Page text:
G.P. Putnam’s Sons Books for Young Readers

'In A Jar' Captures All The Feelings That Might Slip Away

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In general, I'm a happy person. I take pictures of the way the sky looks while I'm taking out the trash, I pay attention to the weight of my sleeping children as I carry them to bed, I sit outside just to listen to all of the noise around me — the school bus, the birds chirping, the leaf blower three doors down. I want to capture all of it. I want to open it at my leisure, share it with my children, empty it out on a table and just marvel at it all, knowing the best moments are destined to slip through my fingers no matter how hard I try to hold on.

This is the idea behind Deborah Marcero's touching picture book In a Jar (out January 21 from G.P. Putnam's Sons Books for Young Readers), which manages to capture something tricky and fleeting for both parents and kids.

"Llewellyn was a collector. He collected things in jars," the book begins, and we're all immediately on a journey. Llewellyn is a little bunny who wants to capture everything around him, from the falling leaves in the woods to the sounds of night. When he meets his new friend, Evelyn, he shares a jar with her, one he filled with a sunset painted "the color of tart cherry syrup." When Evelyn takes the jar home, it glows all through the night "with the memory of that sunset," Marcero writes. And together, the two little bunnies begin collecting all sorts of things. Things that were hard to hold, and things that wouldn't normally fit in a jar, like rainbows and the sound of the ocean, and the newness of spring.

G. Putnam's Sons Books For Young Readers
G. Putnam's Sons Books For Young Readers

When Evelyn moves away — a moment of genuine loneliness in Marcero's emotive landscapes — Llewellyn begins collecting the things around him so he can share them with her.

He mails her jar after jar of the starry skies and golden leaves of autumn, and in turn, Evelyn sends him back her own jars of her new home. They share the world with each other, all of the little things that often go unnoticed, and they find joy and love and friendship there. Like saving a heart-shaped seashell for your grandmother, pointing out a bright neon ice cream sign to your toddler, rolling down the windows at a red light so your kindergartner can hear every train whistle as it barrels through town.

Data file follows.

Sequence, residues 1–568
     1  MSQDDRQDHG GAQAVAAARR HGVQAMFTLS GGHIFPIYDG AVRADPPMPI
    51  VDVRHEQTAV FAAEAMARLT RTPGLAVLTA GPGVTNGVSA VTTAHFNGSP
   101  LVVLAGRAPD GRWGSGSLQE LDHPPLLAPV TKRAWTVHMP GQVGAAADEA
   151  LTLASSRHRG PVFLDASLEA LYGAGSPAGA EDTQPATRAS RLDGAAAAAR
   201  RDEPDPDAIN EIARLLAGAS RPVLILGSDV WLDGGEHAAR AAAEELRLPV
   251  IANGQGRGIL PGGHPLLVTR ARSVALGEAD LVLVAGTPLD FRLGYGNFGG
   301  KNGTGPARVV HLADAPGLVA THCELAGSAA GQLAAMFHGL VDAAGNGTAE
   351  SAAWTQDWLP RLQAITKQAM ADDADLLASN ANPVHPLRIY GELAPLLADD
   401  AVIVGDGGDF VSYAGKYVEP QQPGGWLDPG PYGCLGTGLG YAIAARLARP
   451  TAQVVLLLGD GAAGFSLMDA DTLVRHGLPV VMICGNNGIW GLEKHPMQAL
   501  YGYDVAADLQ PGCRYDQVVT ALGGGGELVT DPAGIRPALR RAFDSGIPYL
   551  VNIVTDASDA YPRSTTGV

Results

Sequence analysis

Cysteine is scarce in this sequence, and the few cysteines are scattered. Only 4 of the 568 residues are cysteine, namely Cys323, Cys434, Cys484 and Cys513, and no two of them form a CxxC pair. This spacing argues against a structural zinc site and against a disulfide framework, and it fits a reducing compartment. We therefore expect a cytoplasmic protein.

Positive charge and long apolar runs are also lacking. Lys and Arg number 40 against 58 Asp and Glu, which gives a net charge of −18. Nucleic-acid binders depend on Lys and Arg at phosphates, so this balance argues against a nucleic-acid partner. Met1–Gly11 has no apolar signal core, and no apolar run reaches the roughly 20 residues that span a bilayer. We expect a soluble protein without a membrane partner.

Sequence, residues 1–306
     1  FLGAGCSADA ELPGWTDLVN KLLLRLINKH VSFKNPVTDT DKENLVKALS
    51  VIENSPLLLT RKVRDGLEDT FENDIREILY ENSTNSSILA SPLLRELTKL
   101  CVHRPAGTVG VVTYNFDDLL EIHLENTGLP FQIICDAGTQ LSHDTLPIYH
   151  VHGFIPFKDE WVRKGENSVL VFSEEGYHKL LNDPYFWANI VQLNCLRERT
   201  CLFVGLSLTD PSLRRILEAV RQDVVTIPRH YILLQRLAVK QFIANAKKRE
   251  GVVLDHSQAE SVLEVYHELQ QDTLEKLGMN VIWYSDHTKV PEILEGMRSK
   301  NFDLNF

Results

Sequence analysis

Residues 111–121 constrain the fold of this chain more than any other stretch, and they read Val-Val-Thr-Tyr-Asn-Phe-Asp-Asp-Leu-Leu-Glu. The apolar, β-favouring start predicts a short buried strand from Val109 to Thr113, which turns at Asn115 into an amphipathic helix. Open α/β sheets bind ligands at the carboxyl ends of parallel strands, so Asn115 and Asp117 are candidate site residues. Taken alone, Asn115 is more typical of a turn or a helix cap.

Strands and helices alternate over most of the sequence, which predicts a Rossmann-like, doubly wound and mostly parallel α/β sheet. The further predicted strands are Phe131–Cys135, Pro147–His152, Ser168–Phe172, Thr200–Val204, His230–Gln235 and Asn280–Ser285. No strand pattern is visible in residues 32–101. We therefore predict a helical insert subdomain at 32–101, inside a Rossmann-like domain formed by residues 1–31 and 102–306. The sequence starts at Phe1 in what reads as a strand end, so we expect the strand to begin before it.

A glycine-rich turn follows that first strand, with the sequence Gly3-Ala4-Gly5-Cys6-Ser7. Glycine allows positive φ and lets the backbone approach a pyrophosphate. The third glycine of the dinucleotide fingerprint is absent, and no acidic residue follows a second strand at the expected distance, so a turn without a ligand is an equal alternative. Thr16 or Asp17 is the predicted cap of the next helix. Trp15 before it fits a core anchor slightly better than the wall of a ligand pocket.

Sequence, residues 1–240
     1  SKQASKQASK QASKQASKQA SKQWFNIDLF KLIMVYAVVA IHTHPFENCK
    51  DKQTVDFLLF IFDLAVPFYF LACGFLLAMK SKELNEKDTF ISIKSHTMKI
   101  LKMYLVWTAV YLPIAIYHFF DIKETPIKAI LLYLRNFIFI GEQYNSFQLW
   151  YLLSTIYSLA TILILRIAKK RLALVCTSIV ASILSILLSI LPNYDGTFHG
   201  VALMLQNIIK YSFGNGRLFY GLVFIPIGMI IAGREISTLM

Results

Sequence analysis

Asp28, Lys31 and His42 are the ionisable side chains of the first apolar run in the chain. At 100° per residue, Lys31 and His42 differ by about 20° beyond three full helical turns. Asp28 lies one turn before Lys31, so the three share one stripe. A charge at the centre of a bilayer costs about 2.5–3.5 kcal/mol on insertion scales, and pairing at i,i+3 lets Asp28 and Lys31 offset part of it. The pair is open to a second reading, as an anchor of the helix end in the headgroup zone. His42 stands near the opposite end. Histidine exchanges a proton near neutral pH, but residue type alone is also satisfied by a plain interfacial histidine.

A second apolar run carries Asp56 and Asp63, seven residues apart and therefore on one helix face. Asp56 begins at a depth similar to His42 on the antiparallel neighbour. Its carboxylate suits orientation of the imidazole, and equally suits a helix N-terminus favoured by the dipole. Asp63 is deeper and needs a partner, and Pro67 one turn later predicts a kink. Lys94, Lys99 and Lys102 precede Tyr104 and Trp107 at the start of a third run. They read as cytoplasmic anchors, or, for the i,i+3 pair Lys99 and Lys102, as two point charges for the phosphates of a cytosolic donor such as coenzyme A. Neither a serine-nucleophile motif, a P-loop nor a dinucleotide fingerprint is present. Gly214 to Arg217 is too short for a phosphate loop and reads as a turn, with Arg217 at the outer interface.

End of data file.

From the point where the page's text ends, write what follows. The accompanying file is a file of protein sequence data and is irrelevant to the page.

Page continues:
Layers and layers of memories piled together so tightly I have to unwind everything just to see.

In a Jar is a love letter to noticing, to saving, to cherishing. But it's also a love letter to sharing. There are few things more joyful in the world than my 5-year-old Alice asking me to tell her about that time she got a trampoline for Christmas and how she called herself Tigger. Or when she asks me to tell her the story from my own childhood of a mouse in my grandparents' home that managed to eat its way through an entire package of biscuits and steal the peanut butter from a trap without getting caught. "And your granddad tried to see if the trap worked, didn't he?" She asks me, her eyes lighting up. "And the trap clamped down on his finger, right? And he said 'YOWWWW!'" Right, I tell her, and I think about the story again, about how safe I felt in my grandparents' home, about the tiny ceramic mice Granny Ena had on top of the TV, and how she would make me porridge with extra sugar.

I think about hearing the mouse run across the landing as I slept in my mother's childhood bedroom, peering out the open window into the dark, starry sky, and all of it is here, in my jar. If it had a label, it would just say That Time There Was A Mouse At Granny & Granddad's. But inside that jar are so many other little jars. Layers and layers of memories piled together so tightly I have to unwind everything just to see. Things that were hard to hold. Things you wouldn't think could fit in a jar.

Llwelyn and Evelyn, the best friends we follow in Deborah Marcero's 'In A Jar.' G.P. Putnam’s Sons Books for Young Readers

Parents are told to cherish every second. People are told to notice the beauty in the ordinary. The entire world is told to be grateful. But all of that advice can be hard to implement when you're grumpy and you're tired and you're sad. But if you have a jar, if you can bottle up the taste of that first sip of coffee and that first azalea blooming in your backyard and the soft pink of your daughter's first ballet leotard, you can save it for later. And, like Llewellyn and Evelyn, you'll find that it glows all night.

In A Jar is available from all booksellers on January 21.